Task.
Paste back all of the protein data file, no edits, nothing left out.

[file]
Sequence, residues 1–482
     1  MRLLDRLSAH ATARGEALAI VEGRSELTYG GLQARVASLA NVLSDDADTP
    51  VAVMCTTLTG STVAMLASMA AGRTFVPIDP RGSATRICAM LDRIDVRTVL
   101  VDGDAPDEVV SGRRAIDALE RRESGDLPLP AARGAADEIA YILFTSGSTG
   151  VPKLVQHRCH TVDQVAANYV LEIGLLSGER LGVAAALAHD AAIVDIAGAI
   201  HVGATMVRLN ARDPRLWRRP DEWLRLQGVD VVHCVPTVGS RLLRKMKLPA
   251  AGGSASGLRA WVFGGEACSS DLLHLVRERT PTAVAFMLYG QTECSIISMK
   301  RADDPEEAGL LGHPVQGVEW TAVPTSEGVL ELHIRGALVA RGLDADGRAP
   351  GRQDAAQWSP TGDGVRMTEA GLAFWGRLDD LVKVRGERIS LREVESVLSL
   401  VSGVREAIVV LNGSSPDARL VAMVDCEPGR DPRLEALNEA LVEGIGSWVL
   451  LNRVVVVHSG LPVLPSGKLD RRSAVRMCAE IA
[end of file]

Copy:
Sequence, residues 1–482
     1  MRLLDRLSAH ATARGEALAI VEGRSELTYG GLQARVASLA NVLSDDADTP
    51  VAVMCTTLTG STVAMLASMA AGRTFVPIDP RGSATRICAM LDRIDVRTVL
   101  VDGDAPDEVV SGRRAIDALE RRESGDLPLP AARGAADEIA YILFTSGSTG
   151  VPKLVQHRCH TVDQVAANYV LEIGLLSGER LGVAAALAHD AAIVDIAGAI
   201  HVGATMVRLN ARDPRLWRRP DEWLRLQGVD VVHCVPTVGS RLLRKMKLPA
   251  AGGSASGLRA WVFGGEACSS DLLHLVRERT PTAVAFMLYG QTECSIISMK
   301  RADDPEEAGL LGHPVQGVEW TAVPTSEGVL ELHIRGALVA RGLDADGRAP
   351  GRQDAAQWSP TGDGVRMTEA GLAFWGRLDD LVKVRGERIS LREVESVLSL
   401  VSGVREAIVV LNGSSPDARL VAMVDCEPGR DPRLEALNEA LVEGIGSWVL
   451  LNRVVVVHSG LPVLPSGKLD RRSAVRMCAE IA